It found that a “low nursing skill mix and low staff numbers will have a negative impact on outcomes (more patients leaving without being seen, higher average duration in A&E departments and higher occupancy)” and that “moving towards a higher average skill mix of nurses might improve some patient and process outcomes”.
“Minimum ratios for areas of the A&E department and registered nurse-to-patient ratios for particular situations are recommended”
The guideline said: “Minimum ratios for areas of the A&E department and registered nurse-to-patient ratios for particular situations are recommended in this guideline based on the evidence available and the safe staffing advisory committee’s knowledge and experience.”
It said the document was designed for trusts to “ensure that patients attending A&E departments receive the nursing care they need at all times of the day and night, on weekdays and at weekends”.
While the ratios “should be used as a minimum”, the guidance said these were not fixed and additional staff could be used above the minimum levels based on local professional judgement.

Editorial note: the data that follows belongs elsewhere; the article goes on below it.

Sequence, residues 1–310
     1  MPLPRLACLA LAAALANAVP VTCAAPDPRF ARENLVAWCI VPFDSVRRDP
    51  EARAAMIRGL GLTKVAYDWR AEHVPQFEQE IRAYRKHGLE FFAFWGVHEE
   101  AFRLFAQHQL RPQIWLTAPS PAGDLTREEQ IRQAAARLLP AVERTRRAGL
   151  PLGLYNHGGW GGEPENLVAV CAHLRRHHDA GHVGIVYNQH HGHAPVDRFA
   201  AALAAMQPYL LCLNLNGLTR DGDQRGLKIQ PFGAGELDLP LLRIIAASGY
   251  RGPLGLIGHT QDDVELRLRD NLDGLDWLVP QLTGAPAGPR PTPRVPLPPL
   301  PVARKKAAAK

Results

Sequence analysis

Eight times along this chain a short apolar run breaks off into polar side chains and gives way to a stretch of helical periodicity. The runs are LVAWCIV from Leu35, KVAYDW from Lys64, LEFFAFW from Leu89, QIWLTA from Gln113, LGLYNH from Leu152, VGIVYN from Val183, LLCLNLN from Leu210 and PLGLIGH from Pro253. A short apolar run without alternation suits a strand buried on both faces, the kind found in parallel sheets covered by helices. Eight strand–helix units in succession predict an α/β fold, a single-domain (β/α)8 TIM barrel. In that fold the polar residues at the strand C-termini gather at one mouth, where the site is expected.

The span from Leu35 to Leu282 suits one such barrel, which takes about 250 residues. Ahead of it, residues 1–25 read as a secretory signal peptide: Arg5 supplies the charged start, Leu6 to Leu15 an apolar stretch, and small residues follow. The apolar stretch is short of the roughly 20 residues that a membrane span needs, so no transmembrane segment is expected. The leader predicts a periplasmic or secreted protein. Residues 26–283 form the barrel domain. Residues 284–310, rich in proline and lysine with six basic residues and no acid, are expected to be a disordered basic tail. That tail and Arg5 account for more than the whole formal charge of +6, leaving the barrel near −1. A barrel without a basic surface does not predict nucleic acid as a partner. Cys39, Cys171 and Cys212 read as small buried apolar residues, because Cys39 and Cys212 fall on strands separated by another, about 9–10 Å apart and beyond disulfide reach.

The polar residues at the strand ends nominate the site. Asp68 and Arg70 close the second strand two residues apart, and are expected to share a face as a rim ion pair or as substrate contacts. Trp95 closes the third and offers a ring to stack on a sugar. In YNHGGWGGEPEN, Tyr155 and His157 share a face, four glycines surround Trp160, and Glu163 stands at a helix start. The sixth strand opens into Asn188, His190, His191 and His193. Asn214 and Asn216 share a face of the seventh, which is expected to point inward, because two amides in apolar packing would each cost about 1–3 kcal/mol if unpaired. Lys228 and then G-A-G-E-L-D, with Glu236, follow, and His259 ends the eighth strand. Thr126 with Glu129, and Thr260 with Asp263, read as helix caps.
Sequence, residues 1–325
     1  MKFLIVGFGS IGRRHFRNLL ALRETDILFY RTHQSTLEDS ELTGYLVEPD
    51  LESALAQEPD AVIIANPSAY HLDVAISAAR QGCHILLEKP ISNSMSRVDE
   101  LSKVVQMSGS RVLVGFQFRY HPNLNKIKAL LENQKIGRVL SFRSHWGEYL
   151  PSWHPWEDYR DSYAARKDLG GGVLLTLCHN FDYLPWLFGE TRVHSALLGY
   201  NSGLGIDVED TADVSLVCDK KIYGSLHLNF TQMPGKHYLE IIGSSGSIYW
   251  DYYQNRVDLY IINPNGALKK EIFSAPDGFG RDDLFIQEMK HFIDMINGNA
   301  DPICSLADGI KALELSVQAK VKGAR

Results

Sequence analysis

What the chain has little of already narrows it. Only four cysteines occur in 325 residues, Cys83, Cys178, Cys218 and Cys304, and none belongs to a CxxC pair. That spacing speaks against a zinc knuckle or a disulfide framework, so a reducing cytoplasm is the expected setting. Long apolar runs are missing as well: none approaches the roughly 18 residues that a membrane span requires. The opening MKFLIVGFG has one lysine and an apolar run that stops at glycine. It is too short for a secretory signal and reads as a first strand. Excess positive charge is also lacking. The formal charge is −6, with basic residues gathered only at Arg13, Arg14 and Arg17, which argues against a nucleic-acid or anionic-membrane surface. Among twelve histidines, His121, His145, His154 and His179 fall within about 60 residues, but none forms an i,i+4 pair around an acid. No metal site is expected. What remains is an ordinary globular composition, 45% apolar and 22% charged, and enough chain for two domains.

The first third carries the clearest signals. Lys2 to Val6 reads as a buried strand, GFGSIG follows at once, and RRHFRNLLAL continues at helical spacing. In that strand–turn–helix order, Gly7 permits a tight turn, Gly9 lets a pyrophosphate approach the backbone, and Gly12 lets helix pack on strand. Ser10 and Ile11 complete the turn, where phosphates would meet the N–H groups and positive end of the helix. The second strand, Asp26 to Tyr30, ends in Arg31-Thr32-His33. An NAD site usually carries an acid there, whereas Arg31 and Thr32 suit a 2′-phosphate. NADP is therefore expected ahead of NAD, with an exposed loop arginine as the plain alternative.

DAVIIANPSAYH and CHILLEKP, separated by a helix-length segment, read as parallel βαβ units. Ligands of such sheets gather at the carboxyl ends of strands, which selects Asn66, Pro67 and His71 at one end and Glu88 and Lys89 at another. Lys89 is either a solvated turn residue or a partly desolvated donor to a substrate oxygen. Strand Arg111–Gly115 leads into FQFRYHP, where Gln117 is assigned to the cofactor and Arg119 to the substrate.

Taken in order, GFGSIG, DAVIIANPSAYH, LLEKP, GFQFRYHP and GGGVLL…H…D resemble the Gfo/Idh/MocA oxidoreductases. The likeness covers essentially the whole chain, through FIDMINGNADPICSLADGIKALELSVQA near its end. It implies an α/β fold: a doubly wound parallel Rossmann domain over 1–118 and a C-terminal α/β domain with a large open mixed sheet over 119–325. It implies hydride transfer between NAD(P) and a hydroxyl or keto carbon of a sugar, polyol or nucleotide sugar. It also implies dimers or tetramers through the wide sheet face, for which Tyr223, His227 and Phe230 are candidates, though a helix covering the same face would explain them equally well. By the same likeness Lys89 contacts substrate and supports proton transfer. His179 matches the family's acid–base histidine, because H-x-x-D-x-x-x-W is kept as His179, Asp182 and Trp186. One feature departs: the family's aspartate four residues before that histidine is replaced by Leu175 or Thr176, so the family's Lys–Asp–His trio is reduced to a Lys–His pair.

The guidance also recommended a systematic process for senior nurses to calculate staffing levels and suggested a system of “red flag” events to serve as a “warning sign that something may be wrong with nursing staff levels”.
These events include: a crowded department; missing patients; aggression towards staff; falls; and patients leaving the department against advice. Other red flag incidents include delays of more than 30 minutes for giving pain relief or food and drink, and a more than a 10 minute delay in helping patients use the toilet.
The decision to suspend NICE’s safe staffing work was criticised by high profile figures including Sir Robert Francis, who recommended that NICE carry out the work following his public inquiry into failings at the former Mid Staffordshire NHS Foundation Trust.
In 2013, health secretary Jeremy Hunt rejected the suggestion of minimum nurse-to-patient ratios. Then in July 2015 he said at a King’s Fund event he “never wanted” mandatory nurse ratios from NICE’s work on safe staffing.